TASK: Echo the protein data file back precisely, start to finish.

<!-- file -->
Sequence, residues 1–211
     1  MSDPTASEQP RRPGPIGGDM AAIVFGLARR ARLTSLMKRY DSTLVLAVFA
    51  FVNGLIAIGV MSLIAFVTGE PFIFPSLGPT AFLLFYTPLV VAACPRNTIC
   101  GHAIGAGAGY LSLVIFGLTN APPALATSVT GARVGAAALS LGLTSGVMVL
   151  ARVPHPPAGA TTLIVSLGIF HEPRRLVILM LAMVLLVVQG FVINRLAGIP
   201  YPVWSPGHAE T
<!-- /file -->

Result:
Sequence, residues 1–211
     1  MSDPTASEQP RRPGPIGGDM AAIVFGLARR ARLTSLMKRY DSTLVLAVFA
    51  FVNGLIAIGV MSLIAFVTGE PFIFPSLGPT AFLLFYTPLV VAACPRNTIC
   101  GHAIGAGAGY LSLVIFGLTN APPALATSVT GARVGAAALS LGLTSGVMVL
   151  ARVPHPPAGA TTLIVSLGIF HEPRRLVILM LAMVLLVVQG FVINRLAGIP
   201  YPVWSPGHAE T